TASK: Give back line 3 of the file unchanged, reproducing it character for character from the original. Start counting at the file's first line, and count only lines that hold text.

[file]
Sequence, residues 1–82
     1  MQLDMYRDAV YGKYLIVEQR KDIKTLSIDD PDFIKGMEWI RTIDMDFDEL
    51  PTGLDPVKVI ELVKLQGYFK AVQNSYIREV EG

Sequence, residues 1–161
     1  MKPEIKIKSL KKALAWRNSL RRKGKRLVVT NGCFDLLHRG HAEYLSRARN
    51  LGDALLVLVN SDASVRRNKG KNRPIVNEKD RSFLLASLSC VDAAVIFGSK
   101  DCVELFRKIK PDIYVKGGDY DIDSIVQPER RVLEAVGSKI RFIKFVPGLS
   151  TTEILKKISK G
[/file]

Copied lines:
    51  PTGLDPVKVI ELVKLQGYFK AVQNSYIREV EG